An early mention of Kehrig is recorded in January of 1103, when the Ravengiersburg cloister obtained "Kiracha" as well as other estates in the Maifeld region from the Stepansestift (religious institution such as a convent or monastery) in Mainz. At about the same time, the village is recorded as "Kirriche" in a document mentioning the nearby bridge over the Elz River. Yet a third spelling variation is found in 1138, when a document mentions the St. Thomas cloister near Andernach having land holdings in "Kerig."
A document from 1389 records that "Kieriche" near Mayen, along with other land holdings, was pawned to the Archbishop Werner von Trier in exchange for 700 guilders. In November of the same year Everhard von Hadamar (apparently having some kind of claim to the village) renounced all claims to "Kierch" near Mayen, in effect granting the archbishop sole rights to Kehrig.
A later document provided information on the owners of Kehrig in the fourteenth through sixteenth centuries. This document from 1531 states that officials of Kehrig declared in front of a notary and witnesses that they acknowledged only Werner vonGeisbusche, and no one else, as their sole lord and protector. In payment for this protection the townspeople delivered to him 21 malter of grain. This was in accordance with a contract dating from 1296.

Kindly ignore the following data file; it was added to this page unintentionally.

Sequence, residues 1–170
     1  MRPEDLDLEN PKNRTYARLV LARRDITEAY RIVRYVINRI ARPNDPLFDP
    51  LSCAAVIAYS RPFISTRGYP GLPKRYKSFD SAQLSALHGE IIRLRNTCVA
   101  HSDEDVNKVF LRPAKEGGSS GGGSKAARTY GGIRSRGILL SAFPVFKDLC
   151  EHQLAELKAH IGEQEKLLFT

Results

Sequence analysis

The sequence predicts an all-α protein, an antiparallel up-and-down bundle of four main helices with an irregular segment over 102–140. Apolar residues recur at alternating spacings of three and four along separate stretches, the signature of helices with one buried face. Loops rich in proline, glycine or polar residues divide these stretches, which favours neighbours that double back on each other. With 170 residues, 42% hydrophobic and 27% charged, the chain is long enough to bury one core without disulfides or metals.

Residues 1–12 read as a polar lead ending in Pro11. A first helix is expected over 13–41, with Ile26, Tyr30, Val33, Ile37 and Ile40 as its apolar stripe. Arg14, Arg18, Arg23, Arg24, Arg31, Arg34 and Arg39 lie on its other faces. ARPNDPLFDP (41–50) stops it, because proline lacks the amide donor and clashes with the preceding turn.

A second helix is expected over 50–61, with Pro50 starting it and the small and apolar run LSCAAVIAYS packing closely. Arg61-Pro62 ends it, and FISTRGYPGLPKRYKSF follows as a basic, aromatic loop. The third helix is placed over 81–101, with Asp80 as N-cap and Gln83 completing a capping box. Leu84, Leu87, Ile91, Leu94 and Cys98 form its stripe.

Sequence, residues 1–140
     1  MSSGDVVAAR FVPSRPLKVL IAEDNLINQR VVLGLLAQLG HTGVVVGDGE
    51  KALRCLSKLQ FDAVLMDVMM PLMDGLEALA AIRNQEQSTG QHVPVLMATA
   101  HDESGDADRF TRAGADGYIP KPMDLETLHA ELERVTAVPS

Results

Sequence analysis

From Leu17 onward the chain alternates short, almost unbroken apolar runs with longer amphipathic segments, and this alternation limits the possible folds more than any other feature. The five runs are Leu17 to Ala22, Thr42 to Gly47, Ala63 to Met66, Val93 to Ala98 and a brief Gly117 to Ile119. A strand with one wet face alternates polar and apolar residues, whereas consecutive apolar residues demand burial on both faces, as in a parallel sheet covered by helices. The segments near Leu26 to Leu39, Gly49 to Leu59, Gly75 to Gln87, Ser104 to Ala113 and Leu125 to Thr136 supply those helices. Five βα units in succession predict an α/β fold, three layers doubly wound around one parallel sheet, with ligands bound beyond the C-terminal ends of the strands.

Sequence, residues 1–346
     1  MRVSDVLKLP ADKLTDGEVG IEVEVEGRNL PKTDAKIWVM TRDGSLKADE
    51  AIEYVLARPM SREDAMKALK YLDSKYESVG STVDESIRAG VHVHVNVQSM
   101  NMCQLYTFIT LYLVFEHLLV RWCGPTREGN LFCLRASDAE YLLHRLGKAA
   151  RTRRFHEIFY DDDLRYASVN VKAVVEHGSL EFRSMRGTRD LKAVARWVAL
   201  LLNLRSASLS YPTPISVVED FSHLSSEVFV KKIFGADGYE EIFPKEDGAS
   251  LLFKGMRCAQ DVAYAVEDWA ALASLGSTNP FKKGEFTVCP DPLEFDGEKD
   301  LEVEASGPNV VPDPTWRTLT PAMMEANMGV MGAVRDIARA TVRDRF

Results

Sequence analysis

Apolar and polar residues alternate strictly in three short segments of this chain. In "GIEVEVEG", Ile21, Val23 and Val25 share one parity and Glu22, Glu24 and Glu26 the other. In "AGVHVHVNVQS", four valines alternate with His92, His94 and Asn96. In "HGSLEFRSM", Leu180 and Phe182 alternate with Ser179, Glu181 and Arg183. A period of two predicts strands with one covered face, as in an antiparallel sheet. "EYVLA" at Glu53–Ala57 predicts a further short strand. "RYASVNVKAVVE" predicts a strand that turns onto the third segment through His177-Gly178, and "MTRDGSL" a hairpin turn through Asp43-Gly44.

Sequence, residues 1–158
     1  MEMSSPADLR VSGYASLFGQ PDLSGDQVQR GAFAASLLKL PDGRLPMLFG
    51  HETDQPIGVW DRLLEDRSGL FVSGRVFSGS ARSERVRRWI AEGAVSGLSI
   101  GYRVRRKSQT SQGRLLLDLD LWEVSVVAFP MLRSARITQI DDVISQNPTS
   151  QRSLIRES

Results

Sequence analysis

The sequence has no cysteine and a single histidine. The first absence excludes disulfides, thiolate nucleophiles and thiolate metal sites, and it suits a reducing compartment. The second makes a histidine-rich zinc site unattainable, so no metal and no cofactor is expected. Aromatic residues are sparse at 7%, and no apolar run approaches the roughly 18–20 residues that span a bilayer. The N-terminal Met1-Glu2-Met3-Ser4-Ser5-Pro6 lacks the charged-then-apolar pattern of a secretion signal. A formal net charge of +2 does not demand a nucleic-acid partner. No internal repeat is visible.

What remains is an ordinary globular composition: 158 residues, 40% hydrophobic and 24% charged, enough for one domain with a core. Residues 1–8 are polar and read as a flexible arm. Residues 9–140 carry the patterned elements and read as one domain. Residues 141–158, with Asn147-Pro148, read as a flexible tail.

The village originally did not belong to any particular judicial district. The inhabitants were subjects of either Trier or Virneburg, for which courts existed in Mayen or Monreal. At the request of the inhabitants of "Kerig," the village came under the jurisdiction of the court in Mayen on November 20th, 1699.
According to as description of "Kierich" written in 1498, the village had 42 fryrstede (residences or businesses for which fire protection was offered). At the same time it was also recorded that the inhabitants of Kehrig vowed allegiance to the lord of Trier. A record from 1563 lists only 25 residences or businesses, 17 of which belonged to the house of Mayen, while 8 belonged to the house of Monreal. This document likewise recognizes the electoral princes of Trier as having supreme power over the villages inhabitants.
Source: Die kurtrierischen Oberamter Mayen und Munstermaifeld (Bonn und Liepzig: Kurt Schroder Verlag, 1923), pp. 31-33
|Chronicle 900 Years Kehrig||
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